“The manager of a joint mitakshara family is under a legal obligation to maintain all male members of the family, their wives and their children. On the death of any one of the male members, he is bound to maintain his widow and his children. The obligation to maintain these persons arises from the fact that the manager is in possession of the family property.”
6. He also placed reliance on an authority reported in Maharashtra Law Journal 1977 Page 402 to show that the obligation to maintain arises from the fact that the Manager is in possession of the family property. He also referred to another authority reported in 1977 Maharashtra Law Journal page 406 of Full Bench and also yet another authority on the aspect of Order 7 Rule 11 CPC.
7. Former two authorities deal with the import of codified law and uncodified law. True, the aforesaid two authorities particularly the later authority deals with Section 4 of Hindu Adoption Act. Their Lordships while dealing with Section 4 of the Hindu Adoption and Maintenance Actobserved that though radical changes have been brought in the prior law and Section cut codifying does not however altogether obliterate the old law. From the perusal of Section 4 it follows that with respect to matters for which provision is made in the Act, the prior law ceases to have effect to the extent laid down in that section. As an inevitable corollary it also follows that in respect of matters for which no provision is made in the Act the old law must continue to remain applicable.”
8. Though the learned counsel for the plaintiff has tried to take benefit of this judgment but in fact it goes against the plaintiffs as there is express provision now in the Hindu Adoption andMaintenance Act which deals with the cases of maintenance and residence for wife. Sections 18and 19 are the provisions incorporated in the statute in explicit terms. Therefore by virtue of insertion of Section 4 in the statute, all customary laws prior to coming into force of this Act, shall cease to have effect and what is inserted in the statute shall prevail and not the customary laws. I am impressed by the arguments of learned counsel for the defendants 1 and 2 that if a particular provision of law is capable of being given its literal meaning, that should be accepted and not its interpretation particularly when the words used are so unambiguous that no interpretation in fact is required for construing meaning. He urged that plain reading of Section 18 makes it more than clear that it is only the husband who has an obligation to maintain his wife and none else. He further urged that the underlying idea of enacting of Section 18 and 19 of Hindu Adoption Act was that during the lifetime of the husband, he shall be under legal obligation to discharge his duties towards his wife for the purpose of maintenance and only after his death his father shall maintain his daughter-in-law. Section 19 rather makes a further ride on the aspect of maintaining his daughter-in-law. It has further been limited to the extent that if she was unable to maintain herself out of her own earning only then her father-in-law would be under legal obligation to maintain her. This section further goes to the extent that her father-in-law shall only be liable to maintain her if she has no other property from the estate of her husband or her father or mother or from her son or daughter. Reading of Section 18 and 19indicates that at first instance, it is the husband who is under legal obligation to maintain his wife of course subject to exceptions as provided in Clause 2 of Section 18 and after the death of her husband her father-in-law shall maintain her not in absolute terms but subject to the condition that she is unable to maintain herself out of her own earnings or other properties. That goes to show that even after the death of her husband firstly she has to maintain herself out of her own earnings from the property and if she is not able to do that only then her father-in-law’s obligation starts. If that is the spirit of these two provisions how can father-in-law at the first instance be asked to maintain his daughter-in-law when the husband is alive.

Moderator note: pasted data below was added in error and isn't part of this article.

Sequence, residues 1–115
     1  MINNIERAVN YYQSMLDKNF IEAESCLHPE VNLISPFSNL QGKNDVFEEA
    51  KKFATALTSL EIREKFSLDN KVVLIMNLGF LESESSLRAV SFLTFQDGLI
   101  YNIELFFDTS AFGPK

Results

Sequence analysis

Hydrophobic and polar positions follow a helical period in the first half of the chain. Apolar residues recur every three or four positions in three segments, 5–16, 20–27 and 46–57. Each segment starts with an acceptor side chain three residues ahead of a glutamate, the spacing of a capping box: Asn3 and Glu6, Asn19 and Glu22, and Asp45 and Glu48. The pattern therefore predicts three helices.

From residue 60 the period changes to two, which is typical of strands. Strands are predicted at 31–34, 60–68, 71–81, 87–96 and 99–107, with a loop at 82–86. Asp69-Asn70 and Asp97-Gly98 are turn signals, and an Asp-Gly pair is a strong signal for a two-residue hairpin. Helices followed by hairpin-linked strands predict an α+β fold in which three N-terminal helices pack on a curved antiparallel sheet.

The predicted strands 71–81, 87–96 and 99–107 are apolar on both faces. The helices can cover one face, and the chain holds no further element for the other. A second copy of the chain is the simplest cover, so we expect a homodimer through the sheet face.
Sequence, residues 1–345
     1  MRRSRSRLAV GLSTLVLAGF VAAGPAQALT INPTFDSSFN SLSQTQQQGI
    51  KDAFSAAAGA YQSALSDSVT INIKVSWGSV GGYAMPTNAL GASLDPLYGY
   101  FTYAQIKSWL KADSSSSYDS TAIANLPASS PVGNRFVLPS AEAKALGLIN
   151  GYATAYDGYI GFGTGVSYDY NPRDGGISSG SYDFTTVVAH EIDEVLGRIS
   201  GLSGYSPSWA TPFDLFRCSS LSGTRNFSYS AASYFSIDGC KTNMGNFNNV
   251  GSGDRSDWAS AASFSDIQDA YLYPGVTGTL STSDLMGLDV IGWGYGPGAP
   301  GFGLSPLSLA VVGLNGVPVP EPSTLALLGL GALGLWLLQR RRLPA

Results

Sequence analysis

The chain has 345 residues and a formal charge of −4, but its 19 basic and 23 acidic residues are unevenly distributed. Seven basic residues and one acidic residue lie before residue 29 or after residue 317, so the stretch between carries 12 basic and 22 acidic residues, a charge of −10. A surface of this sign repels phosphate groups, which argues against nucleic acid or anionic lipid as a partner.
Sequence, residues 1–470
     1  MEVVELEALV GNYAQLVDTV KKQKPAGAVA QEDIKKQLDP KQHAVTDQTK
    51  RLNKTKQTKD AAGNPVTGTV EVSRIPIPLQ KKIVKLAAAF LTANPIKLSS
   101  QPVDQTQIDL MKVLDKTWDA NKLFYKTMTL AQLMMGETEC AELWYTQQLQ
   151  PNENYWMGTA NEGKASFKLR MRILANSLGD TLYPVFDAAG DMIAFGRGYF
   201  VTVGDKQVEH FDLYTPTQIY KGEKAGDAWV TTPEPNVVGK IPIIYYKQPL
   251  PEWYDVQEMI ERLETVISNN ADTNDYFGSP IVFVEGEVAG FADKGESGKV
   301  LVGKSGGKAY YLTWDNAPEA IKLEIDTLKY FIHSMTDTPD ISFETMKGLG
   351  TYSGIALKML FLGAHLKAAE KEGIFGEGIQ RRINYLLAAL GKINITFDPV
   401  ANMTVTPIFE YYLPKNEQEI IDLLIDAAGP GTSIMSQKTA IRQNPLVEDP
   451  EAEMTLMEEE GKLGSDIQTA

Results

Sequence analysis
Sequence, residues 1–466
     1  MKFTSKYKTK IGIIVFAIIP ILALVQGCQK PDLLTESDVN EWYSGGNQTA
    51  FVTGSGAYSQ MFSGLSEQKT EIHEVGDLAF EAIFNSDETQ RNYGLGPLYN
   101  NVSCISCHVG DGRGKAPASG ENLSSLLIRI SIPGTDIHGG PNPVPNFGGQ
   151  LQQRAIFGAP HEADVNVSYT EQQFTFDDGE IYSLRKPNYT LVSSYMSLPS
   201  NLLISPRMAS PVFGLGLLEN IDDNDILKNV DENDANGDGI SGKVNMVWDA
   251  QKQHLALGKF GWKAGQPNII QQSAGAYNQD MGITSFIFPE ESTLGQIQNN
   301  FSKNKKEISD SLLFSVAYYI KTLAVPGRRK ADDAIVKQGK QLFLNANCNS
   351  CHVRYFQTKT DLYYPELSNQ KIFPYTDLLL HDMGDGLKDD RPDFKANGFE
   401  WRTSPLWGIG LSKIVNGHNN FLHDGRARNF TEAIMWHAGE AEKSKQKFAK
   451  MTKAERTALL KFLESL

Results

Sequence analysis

9. To sum up provisions of Sections 18 and 19 of the Act are so plain, clear and unambiguous that literal meaning as provided in these two provisions are to be given as described plainly in the two provisions. Secondly in view of Section 4 of the Act the old customary law in existence prior to coming into force of this Act cannot be made applicable to the present case it being governed by codified law and therefore question of defendant No. 2 being Karta or his obligation to perform his duties as Karta do not arise in this case.
10. For these reasons I have no hesitation in holding that defendant No. 2 is neither a proper party nor a necessary party and that defendant No. 2 has been improperly joined and therefore no cause of action can be said to have arisen against defendant No. 2 and as such this issue is decided against the plaintiff and in favor of defendant No. 2. Ordered accordingly.